- Tapa dura: 367 páginas
- Editor: Harper Collins; Edición: 1 (1 de marzo de 2010)
- Idioma: Inglés
- ISBN-10: 0060881305
- ISBN-13: 978-0060881306
- Valoración media de los clientes: Sé el primero en opinar sobre este producto
- Clasificación en los más vendidos de Amazon: nº862.114 en Libros en idiomas extranjeros (Ver el Top 100 en Libros en idiomas extranjeros)
Mad World: Evelyn Waugh and the Secrets of Brideshead (Inglés) Tapa dura – mar 2010
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Describes the life of one of Englands greatest novelists and the friendship he shared with a glamorous, eccentric, debauched and ultimately tragic family that inspired his masterpiece,
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Evelyn Waugh was one of the greatest and funniest writers in the 20th century, beginning with the jokey "Vile Bodies" all the way to the Proust like elegy of the Sword of Honour Trilogy. While this book is interesting and provides insight into Waugh's creative process of people his books with people he knew, it probably is not the final word. "Mad World" is Madresfield Court, the home of the aristocratic Lygon family and friends of Waugh for several decades.
The author has done a great deal of admirable leg work in tracking down some of Waugh's inspiration for the celebrated Marchmain family in "Brideshead Revisited." There are some similarities between Lygons and their fictional counterparts. The father was hounded out of Britain under a cloud of scandal and the son indulged in various "Arcadian antics" at Oxford, while one of the sisters was a society beauty. While I had been aware of the Lygons, I was unaware of many of the particulars of their lives and the impact they had on the creation of not just the Marchmains, but other people and characters in other works of fiction by Waugh. Probably the best moment in the book for me was the assertion that Brendon Bracken, a stalwart associate of Churchill was the model of Rex Montram. Certain passages referring to Rex betting his political career on the outbreak of World War Two now make perfect sense.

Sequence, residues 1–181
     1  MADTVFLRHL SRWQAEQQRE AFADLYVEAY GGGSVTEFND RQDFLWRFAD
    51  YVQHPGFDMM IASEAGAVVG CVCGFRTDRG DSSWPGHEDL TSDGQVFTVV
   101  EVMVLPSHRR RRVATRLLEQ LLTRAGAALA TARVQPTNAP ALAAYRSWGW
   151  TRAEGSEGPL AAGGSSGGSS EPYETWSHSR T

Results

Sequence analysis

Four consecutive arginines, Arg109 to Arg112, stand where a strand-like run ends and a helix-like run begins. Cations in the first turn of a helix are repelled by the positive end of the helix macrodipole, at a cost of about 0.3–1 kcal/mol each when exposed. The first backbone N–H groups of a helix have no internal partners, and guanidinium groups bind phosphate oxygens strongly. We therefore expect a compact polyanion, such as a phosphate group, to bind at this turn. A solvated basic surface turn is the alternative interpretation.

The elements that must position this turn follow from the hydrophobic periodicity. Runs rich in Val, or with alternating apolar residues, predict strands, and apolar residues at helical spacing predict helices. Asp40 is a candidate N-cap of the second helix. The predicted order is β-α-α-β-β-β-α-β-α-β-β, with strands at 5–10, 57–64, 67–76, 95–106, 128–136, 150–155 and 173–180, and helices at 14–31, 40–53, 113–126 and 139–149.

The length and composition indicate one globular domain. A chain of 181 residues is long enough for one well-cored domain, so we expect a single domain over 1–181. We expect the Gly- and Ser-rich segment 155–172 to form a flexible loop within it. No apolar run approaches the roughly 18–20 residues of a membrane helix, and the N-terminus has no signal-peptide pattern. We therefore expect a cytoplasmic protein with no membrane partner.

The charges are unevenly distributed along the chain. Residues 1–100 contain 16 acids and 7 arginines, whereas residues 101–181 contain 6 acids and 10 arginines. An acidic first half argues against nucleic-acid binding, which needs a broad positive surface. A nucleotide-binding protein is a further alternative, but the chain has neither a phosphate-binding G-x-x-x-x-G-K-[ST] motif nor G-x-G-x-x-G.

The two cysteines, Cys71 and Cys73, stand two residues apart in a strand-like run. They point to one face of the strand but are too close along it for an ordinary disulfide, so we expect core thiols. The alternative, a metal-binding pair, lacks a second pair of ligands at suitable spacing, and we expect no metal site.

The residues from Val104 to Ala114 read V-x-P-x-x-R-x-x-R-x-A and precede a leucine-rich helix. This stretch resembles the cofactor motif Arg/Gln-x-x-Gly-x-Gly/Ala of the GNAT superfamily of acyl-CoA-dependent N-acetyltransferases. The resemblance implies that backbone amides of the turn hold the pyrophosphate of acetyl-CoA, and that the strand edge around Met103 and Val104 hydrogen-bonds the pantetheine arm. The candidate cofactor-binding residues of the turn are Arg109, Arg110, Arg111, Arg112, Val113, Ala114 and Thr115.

Where I think the author misses the boat with Waugh is on two small, but significant points. These do not detract from the scholarship of the work as a whole, but I think are worth pointing out just the same. Really the source for a good portion of his art was his reaction to his wife's adultery and desertion of him. This is central and marks a abrupt shift in the light mood of books such as "Vile Bodies" and "Decline and Fall." From "A Handful of Dust" down to "Sword of Honour," most of Waugh's works feature this as a reoccurring plot device. Yet in this book, whose theme is how Waugh turns the events and acquaintances of his life into literature, this important theme is ignored. Waugh believed that traditional institutions like the British aristocracy represented a bulwark against social rot. Tearing down the great London townhouses to put up blocks of flats only provides Brenda Last with a venue for her affair with John Bever.
The other problem is that I wonder just how close Waugh was with the Lygons, really. The author makes a good point that Waugh wrote to at least two of the daughters rather jokey gossipy letters. Of course Waugh did this with everyone he wrote to. While he may have appropriated some details of the biographies of the Lygons, I do not think they are as central to Waugh's inner life as Paula Byrne makes out.
That said, this is an enjoyable meditation on the creative process and well worth reading for any true fan of Waugh's writings
If you loved "Brideshead" and want to know a very good theory as to its origins, this is your book.
My only criticism is that it could have stood more rigorous editing. I think about a quarter could have been shaved off without missing it.
Fine illustrations and photos -- takes you back to that era.
I think in a way Evelyn Waugh has laid out the ordinary man's journey to and away from God. G K Chestertons remarks about Anglicans being more devoted to beauty than truth has a bitter truth to it. But Evelyn at least tried to address the aesthetic needs of those addressed by his "apology". He is doing aesthetically what Newman tried to do intellectually- present an "Apologia Pro Vita Sua".